Directed by: Billy Ray
Premise: True story of FBI analyst Robert Hanssen (Chris Cooper), a double agent who shared American intelligence with Russia and did billions of dollars of damage to the United States. The film follows a low level FBI agent in training (Ryan Phillippe) assigned to penetrate Hanssen’s life and catch him in the act.
What Works: Breach is a tight, well-executed thriller that delves into the world of the FBI and espionage without drowning in exposition. The performances are strong, especially by Chris Cooper as Robert Hanssen. The screenplay and Cooper’s performance carefully craft Hanssen’s characterization, starting him as a cold and crass personality but slowly pulling back the layers of his complex humanity, revealing a tortured soul underneath. Phillippe also does an admirable job as his character interacts with Hanssen, trying to uncover what is beneath while maintaining his cover. The relationship between the two characters is very interesting as they develop emotional bonds that eventually must be broken if the case is to be solved. This makes the chase much more engaging and adds some substance to the cost of apprehending Hanssen.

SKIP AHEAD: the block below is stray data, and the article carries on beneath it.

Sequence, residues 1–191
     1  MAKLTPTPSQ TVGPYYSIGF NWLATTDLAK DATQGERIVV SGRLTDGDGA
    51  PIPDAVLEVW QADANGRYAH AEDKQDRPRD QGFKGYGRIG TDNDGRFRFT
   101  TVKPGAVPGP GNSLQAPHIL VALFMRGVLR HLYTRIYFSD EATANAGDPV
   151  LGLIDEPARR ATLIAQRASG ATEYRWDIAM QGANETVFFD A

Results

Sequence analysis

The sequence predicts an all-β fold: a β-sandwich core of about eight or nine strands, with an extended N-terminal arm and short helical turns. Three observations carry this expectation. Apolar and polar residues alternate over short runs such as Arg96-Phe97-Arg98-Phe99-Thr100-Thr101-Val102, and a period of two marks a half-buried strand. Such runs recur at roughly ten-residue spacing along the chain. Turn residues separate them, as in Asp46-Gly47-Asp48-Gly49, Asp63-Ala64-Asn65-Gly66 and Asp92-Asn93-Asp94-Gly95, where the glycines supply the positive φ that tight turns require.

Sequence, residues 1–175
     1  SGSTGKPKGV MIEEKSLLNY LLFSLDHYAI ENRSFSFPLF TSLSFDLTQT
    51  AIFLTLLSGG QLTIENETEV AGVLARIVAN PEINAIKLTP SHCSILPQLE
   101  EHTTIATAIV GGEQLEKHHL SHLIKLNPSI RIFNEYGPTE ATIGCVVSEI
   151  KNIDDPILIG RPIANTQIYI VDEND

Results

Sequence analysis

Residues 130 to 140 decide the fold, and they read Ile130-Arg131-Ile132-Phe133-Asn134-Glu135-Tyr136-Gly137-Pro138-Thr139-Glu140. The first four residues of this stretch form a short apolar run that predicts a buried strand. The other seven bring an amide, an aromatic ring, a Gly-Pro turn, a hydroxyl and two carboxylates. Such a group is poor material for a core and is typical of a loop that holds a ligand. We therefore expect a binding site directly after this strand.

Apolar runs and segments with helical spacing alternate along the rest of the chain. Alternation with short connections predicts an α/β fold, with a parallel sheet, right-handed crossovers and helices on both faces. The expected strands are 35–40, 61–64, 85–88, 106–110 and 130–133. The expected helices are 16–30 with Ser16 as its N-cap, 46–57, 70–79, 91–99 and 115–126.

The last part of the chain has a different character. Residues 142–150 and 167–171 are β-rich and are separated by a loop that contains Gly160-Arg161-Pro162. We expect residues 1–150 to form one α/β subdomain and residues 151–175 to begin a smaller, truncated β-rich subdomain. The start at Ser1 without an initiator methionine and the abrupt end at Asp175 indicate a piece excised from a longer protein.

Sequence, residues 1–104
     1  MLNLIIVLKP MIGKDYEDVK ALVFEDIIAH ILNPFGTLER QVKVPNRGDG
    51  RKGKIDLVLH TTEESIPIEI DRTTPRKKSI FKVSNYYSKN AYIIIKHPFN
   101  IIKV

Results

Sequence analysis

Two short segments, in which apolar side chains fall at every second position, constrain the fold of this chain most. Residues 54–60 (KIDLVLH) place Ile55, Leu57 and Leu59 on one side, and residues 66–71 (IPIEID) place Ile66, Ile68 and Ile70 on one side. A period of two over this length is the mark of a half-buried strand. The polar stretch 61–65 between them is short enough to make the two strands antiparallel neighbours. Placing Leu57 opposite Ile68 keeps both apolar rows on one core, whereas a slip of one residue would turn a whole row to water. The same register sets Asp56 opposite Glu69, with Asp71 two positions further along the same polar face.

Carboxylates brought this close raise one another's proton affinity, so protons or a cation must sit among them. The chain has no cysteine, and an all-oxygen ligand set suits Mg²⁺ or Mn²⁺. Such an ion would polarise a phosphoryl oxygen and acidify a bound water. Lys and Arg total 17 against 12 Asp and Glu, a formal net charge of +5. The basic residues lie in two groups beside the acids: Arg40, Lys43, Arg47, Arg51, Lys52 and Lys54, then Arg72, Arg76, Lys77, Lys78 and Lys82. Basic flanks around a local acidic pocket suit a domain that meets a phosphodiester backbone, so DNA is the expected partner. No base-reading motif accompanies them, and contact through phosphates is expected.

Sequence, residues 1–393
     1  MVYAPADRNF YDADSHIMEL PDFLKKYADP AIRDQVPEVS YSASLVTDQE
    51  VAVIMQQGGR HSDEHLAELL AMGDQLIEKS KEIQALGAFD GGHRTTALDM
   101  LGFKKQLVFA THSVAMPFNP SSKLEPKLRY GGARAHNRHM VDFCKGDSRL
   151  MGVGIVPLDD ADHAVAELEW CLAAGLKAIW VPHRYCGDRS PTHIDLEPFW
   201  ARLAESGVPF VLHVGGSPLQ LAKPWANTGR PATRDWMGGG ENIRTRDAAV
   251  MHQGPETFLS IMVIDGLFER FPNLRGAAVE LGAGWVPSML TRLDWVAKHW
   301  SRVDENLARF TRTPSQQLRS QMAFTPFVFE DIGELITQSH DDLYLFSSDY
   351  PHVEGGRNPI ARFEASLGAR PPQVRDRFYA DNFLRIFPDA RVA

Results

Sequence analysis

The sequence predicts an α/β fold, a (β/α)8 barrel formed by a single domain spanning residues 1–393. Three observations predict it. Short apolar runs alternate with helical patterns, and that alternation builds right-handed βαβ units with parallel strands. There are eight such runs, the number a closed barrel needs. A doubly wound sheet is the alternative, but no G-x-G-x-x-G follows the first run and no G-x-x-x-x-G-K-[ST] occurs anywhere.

What Doesn’t: If anything is underwhelming in the film, it is the actual apprehension of Hanssen. The film demonstrates that this was the largest internal investigation in the history of the FBI, but the film avoids much of the case that was built around Hanssen and opts instead for a character study. At the same time, the film hints at Hanssen’s motives for treason but it does not come to any solid conclusions about why.
Bottom Line: Breach is an enjoyable thriller, and one that has some substance to its mystery and espionage plot. Cooper’s amazing performance raises this film above some of the faults of its storytelling and makes Breach one of the first great films of this year.
Episode: #133 (March 18, 2007)